Social protest in Armenia: saddling a wave

The recent statements by the opposition demonstrate their intention to grab power on the wave of popular discontent.

All admit that Armenia is facing social discontent and division of the public. Despite the leadership’s resoluteness to struggle against these phenomena, social tensions grow and the recent statements by the opposition demonstrate their intention to grab power on the wave of popular discontent.

PanARMENIAN.Net - The events in Tunisia and Egypt, where leaders were ousted after decades of ruling, filled the oppositionists in Armenia with strong hope for success. However, approaches of the opposition forces differ. While AFR Dashnaktsutyun speak out against the forcible change of power, the Armenian National Congress displays aggression. People’s Party leader Tigran Karapetyan tries not to fall behind, promising to show a ‘red card’ to the authorities during the February 28 rally.

On the whole, the situation with Karapetyan seems rather tangled. Opposition media label him as “authorities’ project” aimed to weaken the ANC’s positions and take away a part of its potential voters. Karapetyan fiercely denies such reports and insist he is struggling for the justice.

The ANC is calling for active protests, what its representative describe as “the guarantee of victory.” Social Democrat Hunchakian party chairperson Lyudmila Sargsyan believes that protests may grow into social revolts. Armenian National Movement board head Aram Manukyan calls to follow the example of Tunisia and Egypt while ANC coordinator Levon Zurabyan warns about ‘serious events’ during the March 1 rally.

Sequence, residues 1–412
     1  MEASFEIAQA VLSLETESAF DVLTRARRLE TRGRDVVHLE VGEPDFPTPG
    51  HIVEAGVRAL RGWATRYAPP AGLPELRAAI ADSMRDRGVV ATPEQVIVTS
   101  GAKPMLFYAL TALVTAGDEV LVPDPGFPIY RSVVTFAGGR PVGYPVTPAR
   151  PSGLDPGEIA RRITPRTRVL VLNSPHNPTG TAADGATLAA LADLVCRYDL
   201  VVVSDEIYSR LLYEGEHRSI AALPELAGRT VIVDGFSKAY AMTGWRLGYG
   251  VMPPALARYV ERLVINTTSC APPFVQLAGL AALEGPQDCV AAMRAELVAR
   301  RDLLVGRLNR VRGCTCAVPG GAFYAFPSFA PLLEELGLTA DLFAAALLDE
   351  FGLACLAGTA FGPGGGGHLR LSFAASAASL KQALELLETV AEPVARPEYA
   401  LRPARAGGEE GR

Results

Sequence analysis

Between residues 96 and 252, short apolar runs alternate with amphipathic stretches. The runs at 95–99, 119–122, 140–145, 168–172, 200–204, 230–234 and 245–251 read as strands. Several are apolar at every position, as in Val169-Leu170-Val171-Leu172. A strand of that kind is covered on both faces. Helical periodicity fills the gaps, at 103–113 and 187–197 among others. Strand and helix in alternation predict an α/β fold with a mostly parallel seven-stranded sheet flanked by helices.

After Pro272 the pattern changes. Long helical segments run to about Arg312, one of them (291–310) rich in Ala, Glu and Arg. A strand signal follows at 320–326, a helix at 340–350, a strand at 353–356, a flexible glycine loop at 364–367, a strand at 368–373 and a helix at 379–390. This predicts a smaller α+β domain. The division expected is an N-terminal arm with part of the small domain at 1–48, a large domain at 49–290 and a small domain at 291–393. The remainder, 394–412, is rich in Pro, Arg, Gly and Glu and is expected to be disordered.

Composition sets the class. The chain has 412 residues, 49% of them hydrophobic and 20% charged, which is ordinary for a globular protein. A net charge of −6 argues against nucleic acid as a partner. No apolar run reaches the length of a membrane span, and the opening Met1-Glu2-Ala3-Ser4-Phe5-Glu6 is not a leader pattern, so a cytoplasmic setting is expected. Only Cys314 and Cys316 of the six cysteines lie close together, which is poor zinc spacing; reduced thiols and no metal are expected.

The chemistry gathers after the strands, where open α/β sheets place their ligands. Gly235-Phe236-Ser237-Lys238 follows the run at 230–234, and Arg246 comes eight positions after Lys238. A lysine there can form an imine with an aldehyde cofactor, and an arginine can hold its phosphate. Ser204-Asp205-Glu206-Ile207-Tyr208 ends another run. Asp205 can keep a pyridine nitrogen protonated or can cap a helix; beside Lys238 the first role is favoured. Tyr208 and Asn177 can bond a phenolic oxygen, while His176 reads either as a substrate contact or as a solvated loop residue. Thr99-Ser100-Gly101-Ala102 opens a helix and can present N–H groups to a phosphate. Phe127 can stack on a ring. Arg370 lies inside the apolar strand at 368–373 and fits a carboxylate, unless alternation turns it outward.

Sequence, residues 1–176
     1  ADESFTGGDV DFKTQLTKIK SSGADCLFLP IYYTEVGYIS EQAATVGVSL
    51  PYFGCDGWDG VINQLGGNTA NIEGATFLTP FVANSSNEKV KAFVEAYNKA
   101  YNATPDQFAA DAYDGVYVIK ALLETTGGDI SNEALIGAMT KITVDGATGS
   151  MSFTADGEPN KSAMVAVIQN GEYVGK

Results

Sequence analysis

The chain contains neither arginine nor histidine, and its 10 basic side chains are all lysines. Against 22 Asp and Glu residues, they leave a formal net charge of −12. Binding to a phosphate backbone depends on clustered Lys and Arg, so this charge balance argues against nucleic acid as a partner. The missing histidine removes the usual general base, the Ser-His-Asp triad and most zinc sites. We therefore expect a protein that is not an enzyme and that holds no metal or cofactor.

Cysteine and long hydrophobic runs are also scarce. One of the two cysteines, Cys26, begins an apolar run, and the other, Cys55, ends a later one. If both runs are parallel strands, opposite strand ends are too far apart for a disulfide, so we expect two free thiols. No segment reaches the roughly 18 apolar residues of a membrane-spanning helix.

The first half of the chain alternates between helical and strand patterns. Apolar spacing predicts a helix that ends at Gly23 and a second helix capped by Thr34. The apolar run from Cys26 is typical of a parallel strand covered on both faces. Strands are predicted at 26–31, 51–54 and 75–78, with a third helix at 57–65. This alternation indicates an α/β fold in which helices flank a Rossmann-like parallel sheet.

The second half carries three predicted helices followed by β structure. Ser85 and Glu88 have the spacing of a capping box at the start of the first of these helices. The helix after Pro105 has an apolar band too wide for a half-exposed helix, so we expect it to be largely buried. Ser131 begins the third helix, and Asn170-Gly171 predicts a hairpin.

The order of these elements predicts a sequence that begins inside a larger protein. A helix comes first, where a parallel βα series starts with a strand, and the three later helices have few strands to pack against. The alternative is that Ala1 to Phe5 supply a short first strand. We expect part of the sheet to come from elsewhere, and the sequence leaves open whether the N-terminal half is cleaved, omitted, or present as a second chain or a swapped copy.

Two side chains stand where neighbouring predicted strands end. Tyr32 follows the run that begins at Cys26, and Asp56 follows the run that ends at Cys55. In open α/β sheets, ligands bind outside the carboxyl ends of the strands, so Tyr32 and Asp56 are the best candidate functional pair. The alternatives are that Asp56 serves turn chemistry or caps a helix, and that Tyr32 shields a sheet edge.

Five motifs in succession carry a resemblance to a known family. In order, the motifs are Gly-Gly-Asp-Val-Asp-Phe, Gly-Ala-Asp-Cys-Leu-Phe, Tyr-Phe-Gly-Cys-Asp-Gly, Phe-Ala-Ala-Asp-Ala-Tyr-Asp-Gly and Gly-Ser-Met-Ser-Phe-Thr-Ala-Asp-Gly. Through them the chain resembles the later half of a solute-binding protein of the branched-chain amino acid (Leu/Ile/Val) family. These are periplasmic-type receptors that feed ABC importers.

Realizing the gravity of the situation, the ruling coalition issued a declaration pledging support to incumbent president Serzh Sargsyan during the next presidential election. Besides, the authorities keep reminding of the unsettled Karabakh conflict and the danger of resumption of hostilities in case of political instability in Armenia. Some media reports suggest that the leadership is planning to restraint the power of oligarchs, whose activity arouses deep indignation of the population.

Anyway, people will get answers to some questions after the rallies on February 28 and March 1, which will show how far the opposition can go in its intention to take the power. There is still hope that the authorities and opposition will come to some agreement to prevent clashes.

Hayk Khalatyan / PanARMENIAN News
 Most popular in the section
The idea of involving the Armenian Diaspora in elections is not new; it was first voiced following the adoption of the Law on Dual Citizenship.
We faced war and hunger, bread coupons and 30 minutes of electricity daily, and political instability in the past 21 years.
Realizing the mediators and world powers cannot be relied on, Armenia pledged to punish Azerbaijan itself.
 At focus
MP: President warns against anti-Russian hysteria

MP: President warns against anti-Russian hysteria According to the MP, the President said “we have to do better to avoid surprise attacks by the rival and be able to adequately retaliate.”

 More articles in this section
Paradox of Armenian opposition: the more they need to unite, the more they split Unable to unite, the Armenian opposition will logically proceed to nominate several candidates at 2013 presidential vote.
Elections 2012: failure of Armenian opposition According to some Armenian experts, the May 6 elections became the “swan song” for ANC and Levon Ter-Petrossian.